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Zumthor designs Devon house

Pritzker laureate’s first UK project to be made available to the public

Peter Zumthor, the newly announced 2009 Pritzker Prize winner, is working on his first UK project.

The 65-year-old Swiss architect has designed a modernist building in stone and glass near the village of Chivelstone in Devon.

The building will be part of a new initiative, called Living Architecture, to create pieces of modern architecture that are available to the general public.

Planning approval for Zumthor’s design is expected to be received in May. Other firms involved in the Living Architecture project include:Nord for a building in Kent, Netherlands-based MVRDV and Norway’s JVA for two houses in Suffolk, and Hopkins Architects for a site in Norfolk.

Living Architecture is a commercial venture that will operate in a similar way to the Landmark Trust, letting properties for corporate functions or short stays. A source close to the project said: ‘It is about granting people access to modern architecture.’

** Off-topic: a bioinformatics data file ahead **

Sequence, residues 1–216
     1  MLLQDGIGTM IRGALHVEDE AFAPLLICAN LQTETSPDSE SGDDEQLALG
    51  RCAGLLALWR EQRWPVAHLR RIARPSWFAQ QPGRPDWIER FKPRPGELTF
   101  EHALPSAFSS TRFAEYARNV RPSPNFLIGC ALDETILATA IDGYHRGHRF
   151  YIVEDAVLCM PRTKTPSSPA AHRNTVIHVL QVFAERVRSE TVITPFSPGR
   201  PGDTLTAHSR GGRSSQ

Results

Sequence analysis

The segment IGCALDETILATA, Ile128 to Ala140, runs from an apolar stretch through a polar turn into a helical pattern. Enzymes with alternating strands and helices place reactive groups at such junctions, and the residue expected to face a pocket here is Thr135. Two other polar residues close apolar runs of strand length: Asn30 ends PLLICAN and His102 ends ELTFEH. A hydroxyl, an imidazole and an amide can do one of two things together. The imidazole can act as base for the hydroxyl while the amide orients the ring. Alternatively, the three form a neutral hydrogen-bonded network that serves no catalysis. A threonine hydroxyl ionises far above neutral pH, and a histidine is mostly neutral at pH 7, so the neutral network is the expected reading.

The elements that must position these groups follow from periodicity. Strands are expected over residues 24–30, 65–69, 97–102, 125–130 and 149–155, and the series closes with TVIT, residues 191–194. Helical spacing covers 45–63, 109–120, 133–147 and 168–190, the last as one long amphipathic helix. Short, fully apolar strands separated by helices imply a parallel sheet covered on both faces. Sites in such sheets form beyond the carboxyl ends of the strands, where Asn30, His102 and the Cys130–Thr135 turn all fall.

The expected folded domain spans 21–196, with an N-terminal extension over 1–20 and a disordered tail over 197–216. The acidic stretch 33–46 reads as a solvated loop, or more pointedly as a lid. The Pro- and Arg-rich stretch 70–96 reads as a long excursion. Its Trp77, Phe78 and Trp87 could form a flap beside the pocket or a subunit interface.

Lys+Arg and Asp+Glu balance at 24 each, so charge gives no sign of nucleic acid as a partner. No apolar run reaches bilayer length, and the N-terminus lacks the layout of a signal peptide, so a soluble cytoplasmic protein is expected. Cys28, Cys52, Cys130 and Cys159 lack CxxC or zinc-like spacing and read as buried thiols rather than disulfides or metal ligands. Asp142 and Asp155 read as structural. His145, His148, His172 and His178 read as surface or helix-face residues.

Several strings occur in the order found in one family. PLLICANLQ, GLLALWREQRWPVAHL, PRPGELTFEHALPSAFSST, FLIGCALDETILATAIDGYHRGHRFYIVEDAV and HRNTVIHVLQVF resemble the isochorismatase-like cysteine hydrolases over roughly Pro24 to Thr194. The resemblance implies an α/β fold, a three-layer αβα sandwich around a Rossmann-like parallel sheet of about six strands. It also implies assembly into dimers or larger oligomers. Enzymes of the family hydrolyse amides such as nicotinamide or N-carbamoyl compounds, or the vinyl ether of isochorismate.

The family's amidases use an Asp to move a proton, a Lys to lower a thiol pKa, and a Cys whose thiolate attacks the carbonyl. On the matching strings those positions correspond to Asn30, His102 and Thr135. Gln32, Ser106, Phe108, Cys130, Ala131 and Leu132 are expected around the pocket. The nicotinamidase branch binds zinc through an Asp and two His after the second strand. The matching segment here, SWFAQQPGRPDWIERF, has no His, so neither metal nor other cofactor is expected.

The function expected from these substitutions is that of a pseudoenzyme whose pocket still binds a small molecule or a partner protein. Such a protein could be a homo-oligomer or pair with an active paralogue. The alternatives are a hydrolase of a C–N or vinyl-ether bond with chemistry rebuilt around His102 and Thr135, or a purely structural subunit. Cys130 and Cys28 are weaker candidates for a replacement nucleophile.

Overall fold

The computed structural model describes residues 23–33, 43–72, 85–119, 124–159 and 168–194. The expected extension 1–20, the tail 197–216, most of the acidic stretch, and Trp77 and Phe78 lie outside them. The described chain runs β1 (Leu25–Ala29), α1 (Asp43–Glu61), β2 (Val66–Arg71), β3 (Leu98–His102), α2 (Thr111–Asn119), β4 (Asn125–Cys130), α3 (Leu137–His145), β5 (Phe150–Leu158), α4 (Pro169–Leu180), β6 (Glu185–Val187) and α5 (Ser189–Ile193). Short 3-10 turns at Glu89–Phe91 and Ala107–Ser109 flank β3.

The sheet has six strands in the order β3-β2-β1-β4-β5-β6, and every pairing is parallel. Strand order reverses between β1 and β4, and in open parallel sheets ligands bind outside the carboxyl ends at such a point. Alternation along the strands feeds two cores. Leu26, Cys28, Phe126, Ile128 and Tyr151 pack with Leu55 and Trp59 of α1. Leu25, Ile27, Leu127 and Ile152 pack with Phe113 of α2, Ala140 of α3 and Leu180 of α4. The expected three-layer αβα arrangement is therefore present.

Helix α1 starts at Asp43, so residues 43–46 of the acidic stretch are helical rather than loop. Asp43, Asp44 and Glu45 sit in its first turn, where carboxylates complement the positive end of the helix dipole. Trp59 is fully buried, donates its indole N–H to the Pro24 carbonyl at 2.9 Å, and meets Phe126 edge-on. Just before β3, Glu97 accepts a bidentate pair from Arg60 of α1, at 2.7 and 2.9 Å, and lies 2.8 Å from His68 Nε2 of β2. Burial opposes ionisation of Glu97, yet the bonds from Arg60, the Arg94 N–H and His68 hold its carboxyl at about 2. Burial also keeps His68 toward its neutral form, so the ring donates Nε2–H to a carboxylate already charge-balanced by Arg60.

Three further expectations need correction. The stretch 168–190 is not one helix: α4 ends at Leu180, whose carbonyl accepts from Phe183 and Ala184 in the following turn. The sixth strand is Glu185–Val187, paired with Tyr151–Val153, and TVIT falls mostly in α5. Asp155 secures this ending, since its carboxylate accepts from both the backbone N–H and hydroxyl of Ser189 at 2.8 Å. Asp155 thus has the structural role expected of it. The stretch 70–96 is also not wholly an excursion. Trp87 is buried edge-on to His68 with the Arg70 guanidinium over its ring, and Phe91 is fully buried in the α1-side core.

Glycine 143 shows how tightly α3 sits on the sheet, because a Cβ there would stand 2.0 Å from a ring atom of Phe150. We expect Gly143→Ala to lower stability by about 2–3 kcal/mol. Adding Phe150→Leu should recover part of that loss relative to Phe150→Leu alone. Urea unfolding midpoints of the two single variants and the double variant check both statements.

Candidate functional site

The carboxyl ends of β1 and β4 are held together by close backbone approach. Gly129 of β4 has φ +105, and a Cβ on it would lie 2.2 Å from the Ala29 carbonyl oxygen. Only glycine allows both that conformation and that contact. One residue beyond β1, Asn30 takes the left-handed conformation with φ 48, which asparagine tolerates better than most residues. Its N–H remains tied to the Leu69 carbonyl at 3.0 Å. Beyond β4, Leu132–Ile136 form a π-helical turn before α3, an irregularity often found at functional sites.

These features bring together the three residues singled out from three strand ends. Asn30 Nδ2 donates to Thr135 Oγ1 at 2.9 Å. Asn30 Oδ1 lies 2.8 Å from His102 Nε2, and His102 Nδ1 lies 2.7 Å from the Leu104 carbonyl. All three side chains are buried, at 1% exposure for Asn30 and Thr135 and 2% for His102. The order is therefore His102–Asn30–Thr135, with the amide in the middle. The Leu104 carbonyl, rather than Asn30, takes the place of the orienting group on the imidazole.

All the practices contacted by AJ declined to comment on the project. However, a spokesperson for Living Architecture said: ‘We are likely to launch the project by the end of the month.’

Interest in Zumthor’s first UK scheme has intensified after it was announced earlier this week that he is the latest recipient of the prestigious Pritzker Prize.

Zumthor’s Pritzker citation reads: ‘His buildings have a commanding presence, yet they prove the power of judicious intervention, showing us again and again that modesty in approach and boldness in overall are not mutually exclusive.’

Adam Caruso of Caruso St John led the plaudits for Zumthor. ‘I think he’s done a limited number of fantastic projects, and nowadays, where everything is about quantity and spreading thinly, he has resisted that, and made buildings of enormous power.’

Readers' comments (1)

  • 'It is about granting people access to modern architecture'... First what a bizarre statement and second I would ask 'exactly how much do we people have to pay Living Architecture to gain access to these pieces of modern architecture?'

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